The Sweet Spot

We all love the story of Simon Peter: that memorable moment when - as all of his friends looked on - he took a huge risk, stepped out of the boat, and began to walk on the water towards Jesus.

We love his audacity. We applaud his courage. We’re inspired by his faith (even though he sank!). Not only do we all love it, we’ve all used it in our youth groups! Why? Because this is a story that we are confident will stir the hearts of our young people.

There’s something about the call to adventure that resonates in their spirit. There’s something about taking an audacious risk that we know captivates their imaginations. Indeed, there’s something in every young person that longs to ‘step out of the boat.’

How sad it is then when age robs us of our audacity! When the passing of years suppresses our ‘child-like faith.’ But for those of us in leadership, this must not be. For comfort and safety are not the natural habitat of the leader.

Leaders thrive in ‘out of the boat’ territory. They are the first to climb over the edge, step out on the water and say, ‘with God the impossible is possible!’ That’s why I believe it is the call of every leader to continue to be captivated by the Spirit of adventure. As Brennan Manning so eloquently reminds us, “To live without risk is to risk not living.”

BUT… there’s one part of Peter’s story I think we so easily miss. One word which defines Peter’s antics as something be lauded not laughed at. The hinge upon which Peter’s risk should be considered great faith as opposed to great foolishness…

“Come,” [Jesus] said. (Matthew 14:29)

Peter’s risk can be considered great faith for one reason alone; he acted in response to the call of his Master. The difference between faith and foolishness is the call of the God.

Doing crazy things based on GOOD ideas is not great faith, it is great foolishness. Doing crazy things based on GOD ideas is not great foolishness, it is great faith!

I wonder if sometimes in youth ministry we are quick to celebrate risk and slow to commend wisdom. Risk is cool. Risk is sexy. Risk is fun! But wisdom is, well, a bit dull in comparison! It doesn’t scan so well in our youth sessions. It doesn’t quite capture the imagination in the same way. But without wisdom, risk is foolishness.

All risk and no wisdom leads to empty bank accounts, burnt out teams and disheartened young people. All wisdom and no risk leads to bored young people, dim faith and plateaued ministries. But when you find that sweet spot of living in the tension between wisdom and risk… wow! That’s the place where faith grows, hearts are set on fire and the impossible is made possible!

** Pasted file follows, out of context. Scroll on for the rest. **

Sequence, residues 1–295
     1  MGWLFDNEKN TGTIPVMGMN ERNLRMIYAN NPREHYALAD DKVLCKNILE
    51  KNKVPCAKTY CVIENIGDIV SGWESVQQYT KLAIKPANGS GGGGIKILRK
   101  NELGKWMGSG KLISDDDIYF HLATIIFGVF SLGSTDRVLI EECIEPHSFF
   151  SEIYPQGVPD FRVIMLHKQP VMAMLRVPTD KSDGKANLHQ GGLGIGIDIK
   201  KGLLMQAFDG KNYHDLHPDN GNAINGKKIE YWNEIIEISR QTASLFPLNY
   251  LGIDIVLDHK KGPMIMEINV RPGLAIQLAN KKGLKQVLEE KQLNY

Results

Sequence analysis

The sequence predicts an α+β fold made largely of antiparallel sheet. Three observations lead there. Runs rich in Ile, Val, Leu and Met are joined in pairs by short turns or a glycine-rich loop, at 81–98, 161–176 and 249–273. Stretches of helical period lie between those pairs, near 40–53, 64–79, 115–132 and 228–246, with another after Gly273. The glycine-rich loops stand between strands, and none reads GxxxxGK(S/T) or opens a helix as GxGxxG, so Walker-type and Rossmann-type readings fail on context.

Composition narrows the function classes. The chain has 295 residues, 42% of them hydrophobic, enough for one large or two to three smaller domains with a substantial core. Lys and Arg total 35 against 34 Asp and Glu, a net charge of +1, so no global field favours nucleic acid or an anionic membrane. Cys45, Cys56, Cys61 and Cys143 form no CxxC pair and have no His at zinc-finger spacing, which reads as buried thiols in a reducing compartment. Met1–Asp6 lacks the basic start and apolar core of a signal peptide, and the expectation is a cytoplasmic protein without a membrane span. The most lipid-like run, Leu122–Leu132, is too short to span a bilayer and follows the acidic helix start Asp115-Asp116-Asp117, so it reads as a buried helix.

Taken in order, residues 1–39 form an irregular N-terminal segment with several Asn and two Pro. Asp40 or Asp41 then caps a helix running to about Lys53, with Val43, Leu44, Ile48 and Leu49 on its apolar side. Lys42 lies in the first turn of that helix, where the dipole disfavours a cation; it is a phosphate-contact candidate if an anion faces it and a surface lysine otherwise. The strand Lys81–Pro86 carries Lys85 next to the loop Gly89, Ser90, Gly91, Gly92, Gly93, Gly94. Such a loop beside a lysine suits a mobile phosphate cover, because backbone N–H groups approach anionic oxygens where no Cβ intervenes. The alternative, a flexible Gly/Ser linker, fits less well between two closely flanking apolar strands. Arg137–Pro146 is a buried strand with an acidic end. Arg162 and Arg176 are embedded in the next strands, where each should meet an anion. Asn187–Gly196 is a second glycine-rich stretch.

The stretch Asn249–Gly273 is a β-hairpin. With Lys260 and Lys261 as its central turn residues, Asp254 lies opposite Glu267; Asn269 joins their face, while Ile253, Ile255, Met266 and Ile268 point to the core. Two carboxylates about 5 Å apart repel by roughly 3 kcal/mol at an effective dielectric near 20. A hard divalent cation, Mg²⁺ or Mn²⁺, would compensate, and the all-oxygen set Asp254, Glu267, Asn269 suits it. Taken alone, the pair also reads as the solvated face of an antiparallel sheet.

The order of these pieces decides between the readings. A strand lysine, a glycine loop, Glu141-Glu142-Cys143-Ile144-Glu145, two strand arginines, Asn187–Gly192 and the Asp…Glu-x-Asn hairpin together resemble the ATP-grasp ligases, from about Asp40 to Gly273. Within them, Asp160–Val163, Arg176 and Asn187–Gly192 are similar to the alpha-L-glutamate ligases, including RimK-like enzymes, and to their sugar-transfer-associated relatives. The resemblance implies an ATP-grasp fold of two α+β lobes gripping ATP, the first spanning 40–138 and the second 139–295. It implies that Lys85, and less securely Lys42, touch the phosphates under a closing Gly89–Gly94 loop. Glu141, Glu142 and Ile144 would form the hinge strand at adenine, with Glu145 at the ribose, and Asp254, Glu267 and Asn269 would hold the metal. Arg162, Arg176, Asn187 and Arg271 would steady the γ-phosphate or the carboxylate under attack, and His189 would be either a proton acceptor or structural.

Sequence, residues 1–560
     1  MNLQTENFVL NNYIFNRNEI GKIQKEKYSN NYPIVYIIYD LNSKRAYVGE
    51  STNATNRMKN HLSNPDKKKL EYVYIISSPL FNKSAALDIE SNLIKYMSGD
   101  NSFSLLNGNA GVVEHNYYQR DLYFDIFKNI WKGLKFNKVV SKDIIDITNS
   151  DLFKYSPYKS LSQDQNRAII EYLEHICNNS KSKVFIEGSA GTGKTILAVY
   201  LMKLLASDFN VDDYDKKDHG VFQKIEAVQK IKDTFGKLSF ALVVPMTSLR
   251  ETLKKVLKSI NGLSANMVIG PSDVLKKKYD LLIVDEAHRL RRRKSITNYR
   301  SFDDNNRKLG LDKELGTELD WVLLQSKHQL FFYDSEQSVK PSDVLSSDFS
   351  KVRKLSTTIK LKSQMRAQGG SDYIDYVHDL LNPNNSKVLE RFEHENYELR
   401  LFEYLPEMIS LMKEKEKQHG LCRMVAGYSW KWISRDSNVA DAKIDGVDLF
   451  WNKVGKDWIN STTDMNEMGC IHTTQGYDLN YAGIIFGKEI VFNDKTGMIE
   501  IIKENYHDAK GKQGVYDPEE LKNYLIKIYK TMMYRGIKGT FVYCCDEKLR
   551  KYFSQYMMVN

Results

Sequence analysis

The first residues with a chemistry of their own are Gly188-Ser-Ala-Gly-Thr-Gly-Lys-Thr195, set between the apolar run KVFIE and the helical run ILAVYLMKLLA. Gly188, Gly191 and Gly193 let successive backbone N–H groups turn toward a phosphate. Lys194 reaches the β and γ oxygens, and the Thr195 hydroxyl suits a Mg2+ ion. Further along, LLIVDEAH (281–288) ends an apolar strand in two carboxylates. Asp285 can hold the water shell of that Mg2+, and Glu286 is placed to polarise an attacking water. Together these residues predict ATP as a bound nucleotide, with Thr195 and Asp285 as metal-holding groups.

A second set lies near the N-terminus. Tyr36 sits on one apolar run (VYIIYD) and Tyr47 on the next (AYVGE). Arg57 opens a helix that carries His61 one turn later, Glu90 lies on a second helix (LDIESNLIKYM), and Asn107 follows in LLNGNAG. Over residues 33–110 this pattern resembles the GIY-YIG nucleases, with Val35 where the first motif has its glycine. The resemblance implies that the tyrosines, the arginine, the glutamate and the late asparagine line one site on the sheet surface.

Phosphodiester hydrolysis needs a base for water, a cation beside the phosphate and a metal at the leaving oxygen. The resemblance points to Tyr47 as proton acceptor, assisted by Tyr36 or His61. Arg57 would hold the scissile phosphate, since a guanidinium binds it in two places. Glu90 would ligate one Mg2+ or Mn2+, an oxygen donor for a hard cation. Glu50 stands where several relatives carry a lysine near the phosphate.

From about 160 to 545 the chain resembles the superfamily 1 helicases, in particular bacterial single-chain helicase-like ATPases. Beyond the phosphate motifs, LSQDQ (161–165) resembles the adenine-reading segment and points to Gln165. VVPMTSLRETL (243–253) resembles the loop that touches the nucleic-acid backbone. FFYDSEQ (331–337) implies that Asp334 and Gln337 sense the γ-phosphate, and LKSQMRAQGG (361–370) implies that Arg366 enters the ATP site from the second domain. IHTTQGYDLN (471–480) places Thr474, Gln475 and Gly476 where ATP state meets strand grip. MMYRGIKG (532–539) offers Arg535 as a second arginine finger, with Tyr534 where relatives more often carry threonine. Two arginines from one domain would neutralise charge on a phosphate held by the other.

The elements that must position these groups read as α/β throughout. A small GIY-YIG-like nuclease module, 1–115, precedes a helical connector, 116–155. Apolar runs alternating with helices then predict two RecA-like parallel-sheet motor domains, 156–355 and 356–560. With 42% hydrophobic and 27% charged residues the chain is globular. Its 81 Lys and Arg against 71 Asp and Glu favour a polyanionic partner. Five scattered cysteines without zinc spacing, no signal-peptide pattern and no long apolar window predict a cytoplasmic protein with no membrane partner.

The leader leads at their best when living in the sweet spot between wisdom and risk. When, in response to the voice of God, the leader will make bold moves and take great risks.

One year ago I was involved in pioneering a new youth group for a church that had no existing youth ministry. This was risky on a number of levels.

First, the church had invested heavily financially, so if it didn't work out I would have wasted their money.

Second, we had assigned this non-existent youth group as a placement for some of the students at Regents Theological College, so if it didn’t work out they would have had no placement for their degree (big problem!).

And finally, it was all very public, so if it didn’t work out I would have looked like an idiot! But I was willing to take that risk - not because it was a good idea - but because we had a strong sense of the sound of Jesus’ voice saying, “Come.”

So let me pose to you a question for reflection: If there was a pendulum with risk on one side and wisdom on the other, where would that pendulum land for you?

Are you over-cautious? Are you so concerned with handling your responsibilities appropriately that you never do anything that has a high risk of failure? Or are you rash? Never pausing to think before you act? Moving ahead with the latest big idea without pausing to consider if it was actually God’s idea?

I pray that you would be both wise and audacious, both shrewd and risky. I pray that you would learn to hear the voice of God and that when you hear him say, “Come,” you would stride courageously into unchartered waters. I pray that you would learn to lead from the sweet spot.

Question: If there was a pendulum with risk on one side and wisdom on the other, where would that pendulum land for you? Leave a comment below.



Director of LIMITLESS

Tim Alford lives in Malvern with is wife Jen, son Tobijah and daughter Aria.

He is the National Director of LIMITLESS, the youth movement of Elim Pentecostal Churches in the UK and Ireland. He is a passionate communicator of the gospel, having spoken at churches, conferences, schools and events all over the world. Tim is the former frontman of [dweeb], a frustrated supporter of Arsenal, and has on more than one occasion been to the cinema in Star Wars fancy dress.


Laura Hancock, from Youth for Christ, continues to unpack the impact of the latest research on our youth ministries.
Tim Alford continues his Leadership 101 series, with advice on how to lead from home.
Tim Alford and Laura Hancock unpick the recently published report from Youth for Christ, The Z to A of Spirituality.
Joel Harris returns to the podcast to talk through six key elements relating to the mental wellbeing of young people.
Joel Harris discusses his personal story, explaining how social media has impacted him and how he has learned to manage it.

  More Limitless Articles   More Limitless Kids Articles